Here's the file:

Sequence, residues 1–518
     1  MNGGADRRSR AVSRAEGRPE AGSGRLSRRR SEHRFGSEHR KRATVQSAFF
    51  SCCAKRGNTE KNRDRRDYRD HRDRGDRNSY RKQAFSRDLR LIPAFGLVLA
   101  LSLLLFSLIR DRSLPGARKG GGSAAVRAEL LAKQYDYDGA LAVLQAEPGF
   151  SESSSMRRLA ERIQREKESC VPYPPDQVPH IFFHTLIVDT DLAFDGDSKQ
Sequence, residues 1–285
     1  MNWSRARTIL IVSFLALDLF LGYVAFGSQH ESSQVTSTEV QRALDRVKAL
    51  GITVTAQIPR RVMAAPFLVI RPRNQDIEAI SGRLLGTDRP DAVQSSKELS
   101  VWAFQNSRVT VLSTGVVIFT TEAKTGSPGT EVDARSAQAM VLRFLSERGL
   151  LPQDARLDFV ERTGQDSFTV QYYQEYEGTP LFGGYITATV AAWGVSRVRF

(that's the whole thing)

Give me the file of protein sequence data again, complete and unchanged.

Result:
Sequence, residues 1–518
     1  MNGGADRRSR AVSRAEGRPE AGSGRLSRRR SEHRFGSEHR KRATVQSAFF
    51  SCCAKRGNTE KNRDRRDYRD HRDRGDRNSY RKQAFSRDLR LIPAFGLVLA
   101  LSLLLFSLIR DRSLPGARKG GGSAAVRAEL LAKQYDYDGA LAVLQAEPGF
   151  SESSSMRRLA ERIQREKESC VPYPPDQVPH IFFHTLIVDT DLAFDGDSKQ
Sequence, residues 1–285
     1  MNWSRARTIL IVSFLALDLF LGYVAFGSQH ESSQVTSTEV QRALDRVKAL
    51  GITVTAQIPR RVMAAPFLVI RPRNQDIEAI SGRLLGTDRP DAVQSSKELS
   101  VWAFQNSRVT VLSTGVVIFT TEAKTGSPGT EVDARSAQAM VLRFLSERGL
   151  LPQDARLDFV ERTGQDSFTV QYYQEYEGTP LFGGYITATV AAWGVSRVRF